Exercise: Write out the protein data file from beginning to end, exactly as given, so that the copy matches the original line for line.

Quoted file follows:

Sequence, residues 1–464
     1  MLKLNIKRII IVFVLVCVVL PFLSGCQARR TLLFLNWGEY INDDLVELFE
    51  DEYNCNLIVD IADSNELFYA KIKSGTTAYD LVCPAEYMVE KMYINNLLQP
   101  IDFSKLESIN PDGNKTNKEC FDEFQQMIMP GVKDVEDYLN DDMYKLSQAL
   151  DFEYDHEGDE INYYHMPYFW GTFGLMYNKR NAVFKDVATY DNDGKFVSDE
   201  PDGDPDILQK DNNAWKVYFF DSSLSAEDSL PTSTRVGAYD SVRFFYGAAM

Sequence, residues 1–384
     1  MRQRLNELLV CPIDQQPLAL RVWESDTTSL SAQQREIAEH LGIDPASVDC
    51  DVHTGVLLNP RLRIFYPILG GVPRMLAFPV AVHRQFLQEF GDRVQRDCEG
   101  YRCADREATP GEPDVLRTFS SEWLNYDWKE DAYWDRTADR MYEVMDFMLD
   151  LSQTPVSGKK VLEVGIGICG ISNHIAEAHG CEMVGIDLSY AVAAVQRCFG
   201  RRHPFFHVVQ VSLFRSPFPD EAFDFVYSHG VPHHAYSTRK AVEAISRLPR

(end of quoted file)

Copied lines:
Sequence, residues 1–464
     1  MLKLNIKRII IVFVLVCVVL PFLSGCQARR TLLFLNWGEY INDDLVELFE
    51  DEYNCNLIVD IADSNELFYA KIKSGTTAYD LVCPAEYMVE KMYINNLLQP
   101  IDFSKLESIN PDGNKTNKEC FDEFQQMIMP GVKDVEDYLN DDMYKLSQAL
   151  DFEYDHEGDE INYYHMPYFW GTFGLMYNKR NAVFKDVATY DNDGKFVSDE
   201  PDGDPDILQK DNNAWKVYFF DSSLSAEDSL PTSTRVGAYD SVRFFYGAAM

Sequence, residues 1–384
     1  MRQRLNELLV CPIDQQPLAL RVWESDTTSL SAQQREIAEH LGIDPASVDC
    51  DVHTGVLLNP RLRIFYPILG GVPRMLAFPV AVHRQFLQEF GDRVQRDCEG
   101  YRCADREATP GEPDVLRTFS SEWLNYDWKE DAYWDRTADR MYEVMDFMLD
   151  LSQTPVSGKK VLEVGIGICG ISNHIAEAHG CEMVGIDLSY AVAAVQRCFG
   201  RRHPFFHVVQ VSLFRSPFPD EAFDFVYSHG VPHHAYSTRK AVEAISRLPR